Brand new ideas

Published: July 1, 2010 - 13:28 Updated: July 1, 2010 - 16:14

I was thinking.

Edward de Bono thought that is an excellent thing to do but it is not enough. Called the first 'professor of thinking' ever since he published Lateral Thinking in 1967, I was introduced to the 76-year-old authority on creativity at the second IncrediblEurope Summit in Vienna, where his keynote speech knocked many an imagination to wake up.

For de Bono, thinking is not enough till the thoughts are so creative that they can help resolve real life problems.

Dressed in a black suit, red tie and a pair of parrot green socks, de Bono talked of the need for new ideas and new perceptions. What most think is thinking is usually a habitual reaction to the obvious, which invariably leads to the same old predictable conclusion. 
Most thoughts today are simply a recycling of what the brain has already been fed by others, crushing imagination and creating a dearth of creative thoughts and ideas.

The lateral thinking of the Greek Gang of Three, also known as Socrates, Plato and Aristotle, had revolutionised the world. But that was 2,400 years ago. Those ideas do not necessarily help us in solving problems of conflict resolution and economic development today.

The world needs brand new, creative ideas of its own that will help resolve new problems faced by human beings here and now. The proposal is to study the power of lateral thinking to create new ideas and new possibilities that are of value to the self and to society.
What will help is a little less logic and a lot more learning to look at reality from different aspects to face the challenges of the day in a more imaginative way. De Bono recommends that lateral thinking should be taught early in life and at university, to encourage many more people to come up with fresh, valuable ideas that will change the world.

The building of many temples of thinking is yet another suggestion and so is the immediate appointment of a minister of thinking in every government worldwide. De Bono dislikes leaving matters that matter to mere luck, chance or fate. He is convinced that with learning, more and more people can graduate to realising their genius.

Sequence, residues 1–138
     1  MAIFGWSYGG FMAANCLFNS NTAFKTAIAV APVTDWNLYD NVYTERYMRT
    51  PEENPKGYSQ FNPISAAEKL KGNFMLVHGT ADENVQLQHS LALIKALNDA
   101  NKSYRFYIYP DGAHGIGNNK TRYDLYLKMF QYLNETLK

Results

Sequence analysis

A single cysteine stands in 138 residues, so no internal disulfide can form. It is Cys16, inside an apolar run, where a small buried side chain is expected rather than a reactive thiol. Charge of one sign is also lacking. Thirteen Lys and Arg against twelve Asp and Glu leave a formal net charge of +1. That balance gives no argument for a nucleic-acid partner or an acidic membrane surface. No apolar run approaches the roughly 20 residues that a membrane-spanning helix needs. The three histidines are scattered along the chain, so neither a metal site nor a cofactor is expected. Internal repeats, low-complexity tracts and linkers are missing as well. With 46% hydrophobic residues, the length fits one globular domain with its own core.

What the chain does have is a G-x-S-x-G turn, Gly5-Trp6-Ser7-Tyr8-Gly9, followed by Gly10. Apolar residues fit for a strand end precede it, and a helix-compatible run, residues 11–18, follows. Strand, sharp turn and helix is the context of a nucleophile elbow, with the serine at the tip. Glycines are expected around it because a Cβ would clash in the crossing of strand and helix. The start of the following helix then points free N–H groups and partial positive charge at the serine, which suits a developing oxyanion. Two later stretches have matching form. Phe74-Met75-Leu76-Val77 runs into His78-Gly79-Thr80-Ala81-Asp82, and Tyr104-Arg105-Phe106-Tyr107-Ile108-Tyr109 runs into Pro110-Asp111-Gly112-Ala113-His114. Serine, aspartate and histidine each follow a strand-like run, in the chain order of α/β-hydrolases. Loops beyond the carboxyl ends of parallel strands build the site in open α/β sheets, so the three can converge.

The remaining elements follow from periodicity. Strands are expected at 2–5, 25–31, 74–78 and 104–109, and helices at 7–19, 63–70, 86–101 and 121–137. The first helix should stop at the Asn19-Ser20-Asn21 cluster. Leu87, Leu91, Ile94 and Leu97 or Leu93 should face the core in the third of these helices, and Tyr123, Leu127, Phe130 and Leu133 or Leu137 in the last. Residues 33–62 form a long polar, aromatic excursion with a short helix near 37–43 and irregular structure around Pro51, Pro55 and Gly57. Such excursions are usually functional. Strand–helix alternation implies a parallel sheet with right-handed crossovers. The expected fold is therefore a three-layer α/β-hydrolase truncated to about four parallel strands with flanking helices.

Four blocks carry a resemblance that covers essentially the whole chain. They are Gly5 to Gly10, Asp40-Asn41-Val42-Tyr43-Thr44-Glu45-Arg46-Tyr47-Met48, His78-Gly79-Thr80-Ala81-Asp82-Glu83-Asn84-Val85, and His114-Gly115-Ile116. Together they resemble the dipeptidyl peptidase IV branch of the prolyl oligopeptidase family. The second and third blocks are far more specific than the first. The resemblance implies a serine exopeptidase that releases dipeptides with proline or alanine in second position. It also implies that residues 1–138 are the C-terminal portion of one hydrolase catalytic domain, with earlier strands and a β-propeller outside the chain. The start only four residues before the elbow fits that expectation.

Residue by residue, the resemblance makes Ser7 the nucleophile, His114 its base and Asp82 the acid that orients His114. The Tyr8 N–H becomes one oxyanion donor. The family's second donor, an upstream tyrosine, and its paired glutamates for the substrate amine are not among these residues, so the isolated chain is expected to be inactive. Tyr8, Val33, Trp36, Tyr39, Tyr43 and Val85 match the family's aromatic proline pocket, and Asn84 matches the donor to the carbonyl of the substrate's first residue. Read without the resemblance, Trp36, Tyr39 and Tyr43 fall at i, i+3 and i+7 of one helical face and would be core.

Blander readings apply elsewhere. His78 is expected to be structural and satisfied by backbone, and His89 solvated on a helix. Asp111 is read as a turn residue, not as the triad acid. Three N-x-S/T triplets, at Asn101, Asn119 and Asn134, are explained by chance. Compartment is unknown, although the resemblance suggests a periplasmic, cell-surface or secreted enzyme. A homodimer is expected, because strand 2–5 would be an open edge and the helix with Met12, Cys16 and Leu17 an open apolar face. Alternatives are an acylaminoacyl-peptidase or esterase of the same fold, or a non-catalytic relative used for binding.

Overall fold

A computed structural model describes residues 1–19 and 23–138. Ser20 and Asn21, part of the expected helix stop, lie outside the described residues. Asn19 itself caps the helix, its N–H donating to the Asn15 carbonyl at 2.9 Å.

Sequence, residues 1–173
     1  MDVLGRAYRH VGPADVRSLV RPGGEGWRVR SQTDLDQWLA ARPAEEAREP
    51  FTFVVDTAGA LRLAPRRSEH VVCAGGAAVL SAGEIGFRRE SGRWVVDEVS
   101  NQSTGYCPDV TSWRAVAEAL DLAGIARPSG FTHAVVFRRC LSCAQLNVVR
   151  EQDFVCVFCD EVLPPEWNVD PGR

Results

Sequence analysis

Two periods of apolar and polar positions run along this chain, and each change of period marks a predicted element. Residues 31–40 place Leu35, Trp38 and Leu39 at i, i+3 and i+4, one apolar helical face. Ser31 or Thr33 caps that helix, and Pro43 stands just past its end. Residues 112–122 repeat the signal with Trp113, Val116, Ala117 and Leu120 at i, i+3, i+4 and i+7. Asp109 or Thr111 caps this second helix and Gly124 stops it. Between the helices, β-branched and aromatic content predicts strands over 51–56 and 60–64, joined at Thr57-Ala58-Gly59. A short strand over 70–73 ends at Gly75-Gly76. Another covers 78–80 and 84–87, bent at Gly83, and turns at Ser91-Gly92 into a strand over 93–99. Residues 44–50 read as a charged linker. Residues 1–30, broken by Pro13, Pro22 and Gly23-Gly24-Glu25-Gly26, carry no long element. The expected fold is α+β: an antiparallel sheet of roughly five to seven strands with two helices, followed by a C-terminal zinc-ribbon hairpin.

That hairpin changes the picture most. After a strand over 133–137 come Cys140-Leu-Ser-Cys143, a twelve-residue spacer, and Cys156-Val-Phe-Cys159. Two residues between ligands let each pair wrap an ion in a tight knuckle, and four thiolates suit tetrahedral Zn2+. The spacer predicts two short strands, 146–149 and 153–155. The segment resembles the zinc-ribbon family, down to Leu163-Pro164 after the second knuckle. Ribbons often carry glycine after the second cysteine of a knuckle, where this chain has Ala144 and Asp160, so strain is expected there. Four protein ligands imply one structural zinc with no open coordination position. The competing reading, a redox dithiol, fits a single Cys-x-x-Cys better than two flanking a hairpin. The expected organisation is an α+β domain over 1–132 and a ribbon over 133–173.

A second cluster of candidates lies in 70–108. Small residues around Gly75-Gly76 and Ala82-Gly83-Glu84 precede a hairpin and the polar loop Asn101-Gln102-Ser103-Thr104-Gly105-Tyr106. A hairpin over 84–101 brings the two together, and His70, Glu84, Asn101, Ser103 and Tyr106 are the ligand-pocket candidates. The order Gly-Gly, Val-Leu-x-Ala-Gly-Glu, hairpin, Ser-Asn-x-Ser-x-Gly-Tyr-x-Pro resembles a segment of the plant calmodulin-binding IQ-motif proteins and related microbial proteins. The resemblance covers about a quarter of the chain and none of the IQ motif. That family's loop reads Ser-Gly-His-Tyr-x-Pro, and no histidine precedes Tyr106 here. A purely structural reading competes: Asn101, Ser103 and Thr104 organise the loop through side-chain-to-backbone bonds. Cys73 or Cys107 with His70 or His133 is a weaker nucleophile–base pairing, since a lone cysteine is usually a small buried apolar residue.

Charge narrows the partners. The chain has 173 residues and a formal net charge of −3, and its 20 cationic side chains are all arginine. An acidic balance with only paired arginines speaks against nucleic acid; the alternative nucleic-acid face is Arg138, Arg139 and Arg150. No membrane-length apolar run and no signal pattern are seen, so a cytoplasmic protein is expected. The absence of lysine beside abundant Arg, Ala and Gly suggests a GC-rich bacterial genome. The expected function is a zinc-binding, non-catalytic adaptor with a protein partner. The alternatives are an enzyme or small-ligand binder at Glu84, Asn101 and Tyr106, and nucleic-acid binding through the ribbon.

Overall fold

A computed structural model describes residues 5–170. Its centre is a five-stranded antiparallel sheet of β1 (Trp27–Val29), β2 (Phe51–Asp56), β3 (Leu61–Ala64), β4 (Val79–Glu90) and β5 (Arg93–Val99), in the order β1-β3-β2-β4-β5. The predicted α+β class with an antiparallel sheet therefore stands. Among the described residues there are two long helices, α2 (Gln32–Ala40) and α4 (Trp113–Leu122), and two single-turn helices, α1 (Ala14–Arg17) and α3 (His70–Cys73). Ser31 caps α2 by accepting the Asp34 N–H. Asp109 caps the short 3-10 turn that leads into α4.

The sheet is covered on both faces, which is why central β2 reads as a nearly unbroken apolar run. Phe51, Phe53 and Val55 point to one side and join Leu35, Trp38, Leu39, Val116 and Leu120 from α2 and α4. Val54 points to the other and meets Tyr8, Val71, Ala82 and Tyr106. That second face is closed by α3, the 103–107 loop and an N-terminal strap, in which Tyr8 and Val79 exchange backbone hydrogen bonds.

The Brainswork Institute in Vienna is in complete consort with the ideas of de Bono who claims that it is not enough for people to think creatively but also to have institutions that formally acknowledge, respect and receive creative ideas. Founded in Vienna by Selma Prodanovic, Brainswork is an internationally recognised boutique consultancy today for sustainable new business development. The focus is on eastern and south-eastern Europe, which are promoted as the continent's most dynamic and fastest growing regions. 
Brainswork is a European network for innovation, creativity, research and future studies. The idea is to tap into Europe's diversity to address complex questions like responsibility and financing. Every aspect of Vienna's enormously creative scene can be summoned for success in the global market. With that purpose, Brainswork hosts the IncrediblEurope Summit, bringing creatives and businesses together as equal partners for an interdisciplinary discourse.

The summit itself is a brave, new idea born in 2009 in the thick and thin of the economic crisis. In June of the same year the first summit attracted 250 change-makers from 23 countries to increase understanding for Europe's incredible potential in innovation and creativity in every sector of human activity and thought. It is nothing short of a deliberate, tireless attempt to strengthen Europe's position as a global player with fresh ideas, new partnerships and innovative concepts. It is an attempt to help Europe reclaim its place in the world as the continent of countless inventions and home of hectic creativity in the past. The spirit of the summit this year was to imagine Europe in 2049 but to act now. 

Most of our problems are due to faulty thinking and perceptions. The most optimistic thing about Europe today, according to de Bono, is the bad thinking on the continent. For that gives him hope that to become creative, all that the continent has to do is to improve the way its population thinks. At least one person is seen to already think differently. Born in Sarajevo, Bosnia-Herzegovina, Selma left her war-shattered country to educate herself in Tunisia and Madrid. The award-winning global networker came to Vienna in 1991. Ever since, Selma is engaged in facing up to her own prejudices and mindset in a conscious effort to think beyond the box and in the bargain, inspiring everyone around her to do the same.

This story is from print issue of HardNews